18 January, 2007

Free Trade is a Contradiction - Loos are public spaces

Students jam bathroom advertisements

By Kelly Ebbels The McGill Daily

[Image]

Ad-jammers want McGill to wash its hands of “unethical” advertising and return bathrooms to the public

Kelly Ebbels / The McGill Daily


Last Thursday morning, an anonymous group of students once again jammed Zoom Media ads in bathrooms across campus, replacing corporate advertising with social-commentary art.

The group of students replaced Zoom’s ads with posters protesting war, free trade, corporations like Monsanto, and the privatization of free space. They jammed ads in bathrooms in the Redpath library, as well as the Leacock, Otto Maas Chemistry, and Shatner buildings.

A participant in the ad-jamming, who spoke on the condition of anonymity for fear of prosecution, said that an independent group of five or six people participated in the effort.

They explained that the campaign was an artistic endeavor aimed at addressing spatial politics, as well as promoting anti-corporate and anti-war messages.

“It was artistic as well as political,” he said. “The only overarching message [of the posters] was that [the bathrooms] are not corporate space but public space. It should and must remain a public space, without corporate influence.”

Floh Herra-Vega, SSMU VP Clubs & Services and Shatner building manager, said that while nobody had contacted her expressing dissatisfaction about the ads, she could understand a frustration with the forced advertising.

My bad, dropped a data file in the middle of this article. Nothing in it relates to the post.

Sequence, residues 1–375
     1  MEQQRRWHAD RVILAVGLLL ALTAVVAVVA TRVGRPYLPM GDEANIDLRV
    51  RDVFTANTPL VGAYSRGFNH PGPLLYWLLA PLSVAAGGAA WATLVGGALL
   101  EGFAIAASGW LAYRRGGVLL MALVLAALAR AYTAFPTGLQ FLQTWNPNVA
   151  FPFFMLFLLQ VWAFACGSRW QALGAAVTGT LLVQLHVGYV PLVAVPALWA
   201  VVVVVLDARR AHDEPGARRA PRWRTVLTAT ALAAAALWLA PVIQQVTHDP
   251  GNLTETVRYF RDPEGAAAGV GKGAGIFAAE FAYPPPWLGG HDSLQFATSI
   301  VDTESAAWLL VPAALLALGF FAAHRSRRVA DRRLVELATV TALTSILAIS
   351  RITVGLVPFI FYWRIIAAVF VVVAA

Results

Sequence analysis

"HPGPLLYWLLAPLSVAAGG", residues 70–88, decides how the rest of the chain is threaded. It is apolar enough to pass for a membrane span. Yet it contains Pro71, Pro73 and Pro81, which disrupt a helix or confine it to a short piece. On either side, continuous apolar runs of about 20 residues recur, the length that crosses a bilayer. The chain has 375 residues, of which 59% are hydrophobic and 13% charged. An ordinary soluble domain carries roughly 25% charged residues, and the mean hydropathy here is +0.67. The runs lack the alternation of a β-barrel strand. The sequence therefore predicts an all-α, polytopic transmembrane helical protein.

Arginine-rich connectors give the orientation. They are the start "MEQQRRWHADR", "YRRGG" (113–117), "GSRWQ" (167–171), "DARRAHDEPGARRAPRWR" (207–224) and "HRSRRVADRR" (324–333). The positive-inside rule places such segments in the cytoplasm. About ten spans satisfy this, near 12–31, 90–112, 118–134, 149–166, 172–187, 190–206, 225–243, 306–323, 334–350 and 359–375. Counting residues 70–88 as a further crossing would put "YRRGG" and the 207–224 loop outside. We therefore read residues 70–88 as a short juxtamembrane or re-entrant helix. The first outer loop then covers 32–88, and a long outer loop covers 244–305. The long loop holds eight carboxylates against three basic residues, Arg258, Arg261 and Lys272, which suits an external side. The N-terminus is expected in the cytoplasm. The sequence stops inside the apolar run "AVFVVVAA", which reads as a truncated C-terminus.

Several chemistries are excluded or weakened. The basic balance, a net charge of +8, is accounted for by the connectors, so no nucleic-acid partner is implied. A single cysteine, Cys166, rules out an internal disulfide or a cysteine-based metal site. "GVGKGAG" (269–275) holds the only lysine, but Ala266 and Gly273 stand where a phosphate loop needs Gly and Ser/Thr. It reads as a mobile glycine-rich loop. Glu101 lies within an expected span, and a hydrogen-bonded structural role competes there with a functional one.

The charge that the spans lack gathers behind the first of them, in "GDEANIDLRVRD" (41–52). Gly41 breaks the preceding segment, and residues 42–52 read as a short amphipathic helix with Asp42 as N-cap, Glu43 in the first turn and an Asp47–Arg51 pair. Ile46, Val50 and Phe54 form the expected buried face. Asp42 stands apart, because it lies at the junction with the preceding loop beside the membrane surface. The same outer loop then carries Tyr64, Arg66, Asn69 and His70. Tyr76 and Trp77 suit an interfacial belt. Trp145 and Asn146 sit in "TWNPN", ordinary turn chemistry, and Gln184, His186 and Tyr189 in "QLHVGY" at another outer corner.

“It’s fair, but I don’t think [ad-jamming] is an effective tool to get rid of negative corporate influence in public spaces,” said Herra-Vega. She added that while SSMU’s contract with Zoom – scheduled to expire in about five years – does garner substantial revenue for the Students’ Society, it might not be renewed if students expressed enough dissatisfaction with the ads.

“I think if students want it gone, it should be gone,” Herra-Vega said.

Cleve Higgins, a member of the GrassRoots Association for Student Power (GRASP), a radical student collective at McGill, said that while GRASPé was not directly involved in the ad-jamming, it supports the campaign as a form of direct action against negative corporate influence on campus.

“People taking action on their own – doing things without going through intermediary institutions – is the type of political action GRASPé supports and tries to promote,” he said. “People don’t like advertising forced upon them the way Zoom advertises.”

Last year, a group of students also jammed Zoom advertisements across campus, targeting more bathrooms and attempting to glue the ads shut afterwards. In 2004, a widespread ad-jamming campaign at Trent University in Peterborough Ontario prompted Zoom Media to terminate its contract with the student union and the university.

Although Higgins said he hoped something similar would happen at McGill, he said that ad-jamming is a victory in its own right.

“Even if [Zoom does not terminate the contract]…the act of displacing the ad is in itself important, so the opportunity to push back against commercialization of space is in itself an achievement,” he said.

Higgins sat on SSMU’s Financial Ethics Research Committee last year, which submitted a report condemning Zoom Media’s advertising ethics, arguing that placing ads in bathrooms forces people to look at them.
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posted by u2r2h at Thursday, January 18, 2007

1 Comments:

Anonymous Anonymous said...

For more information on the corporatization of our Canadian Universities, and Trent University in particular, see OurTrent.com.

With respect to Zoom Media at Trent University ou may also want to see this article Food Fight: Students Against Campus Food Monopoly.

Search for Zoom Media to see the other articles mentioning this company.

Fri Jan 19, 01:09:00 pm UTC  

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